SOUNDING THE NEW
CARRIE MOYER Sirens

DC MOORE GALLERY | FEBRUARY 18 – MARCH 26, 2016


Sirens, Carrie Moyer’s museum-quality début at DC Moore Gallery, consists of fourteen, mostly large-scale, almost garishly bright abstract paintings. Moyer is a veteran of the New York art scene, and has exhibited widely, most recently with SCAD. Her work has progressed since the early ’90s—from graphic design-based, politically motivated work intended as queer activism, to representational painting, to abstract painting that borrows from 1970s feminist art.

Carrie Moyer, Sala de dos Hermanos, 2015. Acrylic and Flashe on canvas. 72 × 72 inches. Courtesy the artist and DC Moore Gallery, New York.

In her current show, the references tend less toward Judy Chicago and more toward Matisse. Walking through, I was reminded of the Henri Matisse: The Cut-Outs (October 12, 2014 – February 10, 2015) at MoMA; it’s interesting to note that Moyer plans her compositions by making small collages from cut paper. Belvedere (2016), which features arched windows as a frame looking into a space beyond, immediately brings to mind Matisse’s classic Dance (1909). Goddesses with blunt heads frolic, their bodies dissolving into rounded forms that become one with a green mountainous landscape. But there’s something playfully transgressive here as well: the stylized figures bop right out of the framed interior space, and glittery polka dots punctuate throughout.

Moyer’s ambitious project is nothing less than a celebratory queering of abstraction. In as much as “queer” can be defined as a purposeful nonconforming, or a utopia envisioned outside of the quotidian, these paintings are queer. In The Green Lantern (2015), a cluster of opaque serpentine shapes frame the space, giving way to a frankly bizarre, bright-green, octopus-like form in the middle. It’s goofy, funny, and surprising. Sala de Dos Hermanos (2015), a 72-inch-square piece centered on two arched window shapes, recalls stained glass in a church. But the “glass” itself is a blast of biomorphic freedoms. The frontal twin shapes could be seen as phalluses or breasts—a contradiction, perhaps, unless you see it as intentionally genderqueer.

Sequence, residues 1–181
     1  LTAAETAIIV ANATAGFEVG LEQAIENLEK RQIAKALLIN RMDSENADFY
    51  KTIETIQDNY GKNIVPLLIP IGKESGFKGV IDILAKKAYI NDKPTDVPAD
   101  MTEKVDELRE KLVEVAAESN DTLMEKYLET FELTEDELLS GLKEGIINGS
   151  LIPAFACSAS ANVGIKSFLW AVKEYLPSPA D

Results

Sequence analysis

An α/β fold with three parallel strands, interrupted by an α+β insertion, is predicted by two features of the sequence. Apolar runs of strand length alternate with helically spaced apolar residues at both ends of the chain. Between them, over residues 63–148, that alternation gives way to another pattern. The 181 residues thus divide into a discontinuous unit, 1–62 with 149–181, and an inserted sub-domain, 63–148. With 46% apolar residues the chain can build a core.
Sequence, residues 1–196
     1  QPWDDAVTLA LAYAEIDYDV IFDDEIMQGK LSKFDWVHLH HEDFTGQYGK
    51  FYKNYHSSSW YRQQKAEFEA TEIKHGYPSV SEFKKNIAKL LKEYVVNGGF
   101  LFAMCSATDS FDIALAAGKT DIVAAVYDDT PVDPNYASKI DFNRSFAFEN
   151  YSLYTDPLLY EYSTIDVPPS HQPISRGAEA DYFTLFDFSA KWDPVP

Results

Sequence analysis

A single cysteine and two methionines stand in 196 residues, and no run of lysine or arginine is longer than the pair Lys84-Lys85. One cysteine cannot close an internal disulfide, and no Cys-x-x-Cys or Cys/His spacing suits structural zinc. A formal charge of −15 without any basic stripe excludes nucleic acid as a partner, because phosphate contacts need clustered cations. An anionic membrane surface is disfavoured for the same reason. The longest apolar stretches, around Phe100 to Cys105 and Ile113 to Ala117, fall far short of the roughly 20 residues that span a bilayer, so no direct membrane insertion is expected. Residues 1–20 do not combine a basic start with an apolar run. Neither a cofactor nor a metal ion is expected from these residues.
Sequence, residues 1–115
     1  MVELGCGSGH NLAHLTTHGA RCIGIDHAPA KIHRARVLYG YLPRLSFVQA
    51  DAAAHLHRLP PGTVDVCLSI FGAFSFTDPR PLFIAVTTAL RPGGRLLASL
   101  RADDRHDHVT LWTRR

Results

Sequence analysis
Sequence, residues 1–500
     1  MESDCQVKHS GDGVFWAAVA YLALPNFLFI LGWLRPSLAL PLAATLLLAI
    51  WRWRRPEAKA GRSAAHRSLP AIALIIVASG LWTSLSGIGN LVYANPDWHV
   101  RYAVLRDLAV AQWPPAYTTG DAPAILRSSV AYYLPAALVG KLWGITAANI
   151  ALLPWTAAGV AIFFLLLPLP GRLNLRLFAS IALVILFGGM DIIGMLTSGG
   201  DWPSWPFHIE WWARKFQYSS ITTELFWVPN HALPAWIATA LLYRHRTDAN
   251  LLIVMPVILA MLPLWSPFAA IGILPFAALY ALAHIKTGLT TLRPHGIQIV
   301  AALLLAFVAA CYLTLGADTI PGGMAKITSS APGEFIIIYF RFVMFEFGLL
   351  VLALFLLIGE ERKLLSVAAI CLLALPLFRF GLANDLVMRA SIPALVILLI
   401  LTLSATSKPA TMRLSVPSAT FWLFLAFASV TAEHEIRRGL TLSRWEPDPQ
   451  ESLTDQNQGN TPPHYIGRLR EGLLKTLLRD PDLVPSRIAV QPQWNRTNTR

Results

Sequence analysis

The paintings appear to have been caused by natural events. Chthonic, transparent poured areas are corralled by graphic, slabbed shapes reminiscent of cut paper. Neither of these sections looks brushed-on in the traditional sense. Abandoning the brush is a decisive choice for Moyer. The painter Catherine Murphy has described the mid-century brushstroke as a macho imperative she chose to reject. Amy Sillman and Louise Fishman, both influences on Moyer, reclaimed the Ab-Ex brushstroke to explore new possible meanings. But Moyer is also an inheritor of the irreverent, cartoonish forms of the ’80s, as exemplified in the work of Elizabeth Murray. In many ways, Moyer’s somatic yet curiously bodiless work resembles that of a digital artist, or a sci-fi influenced artist. I get the feeling she’s bypassing the brushstroke in order to imagine new ways of embodiment, perhaps offering a glimpse into the future.

There is a spiritual, ethereal, and religious aspect to Moyer’s work, which marries the sacred to the profane. The saturated colors and shapes invoke joy. The paintings glow like stained glass windows; it’s as if they are lit from behind by sunshine. Moyer’s work is not after subtlety; it wants to knock your socks off. Chroma can be a form of confrontation (an early piece is titled Chromafesto). In this sense, unapologetic visual pleasure can be understood as a surrogate for unapologetic sexual pleasure. Intergalactic Emoji Factory (2015) displays a confrontational festivity that speaks to color’s subversive power: a brilliant rainbow spectrum rises above a bed of black glitter. To me, the painting tells a theatrical story about gay pride, what it has meant and continues to mean—affirmation, community, and the opposite of shame. It’s interesting to consider Moyer’s history in this context: in the ’90s, she co-founded the iconic public art project Dyke Action Machine. At the time, there was a sex-positive rallying cry in queer communities that was partly a response to the AIDS crisis. The affirmation of pleasure in the face of annihilation was both metaphorical and real. The slogan “Silence = Death” addressed the necessity of speaking up and fighting back, refusing to be ignored.

Vieni Qui Bella, 2016, (“Come Here, Beauty”) is an ode to Moyer’s wife, the fiber artist Sheila Pepe. A sheet of dripping blood-red paint is foregrounded by a web of green-grey ropelike forms that recall Pepe’s multidimensional crocheted works. This piece is a reminder that for a lesbian to self-define and speak of pleasure is a political act. (Pepe, interested in similar themes, once titled a show Hot Lesbian Formalism.) Creative dialogue between romantic partners is something we’re all familiar with through the example of countless heterosexual artist couples, but to witness this in a same-sex female couple is still new, and refreshing.

Despite Moyer’s many influences and art historical references, her work does not look like anyone else’s. She is creating new territory and forging her own language in paint. A kind of deep, bodily theatrics are at play in these smart, masterful paintings. It’s hard to leave the gallery—the works literally cajole the viewer to stay. Sirens gives more than it asks: it is fundamentally generous. This is a big, beautiful party to which we’re all invited. 

Contributor

Clarity Haynes

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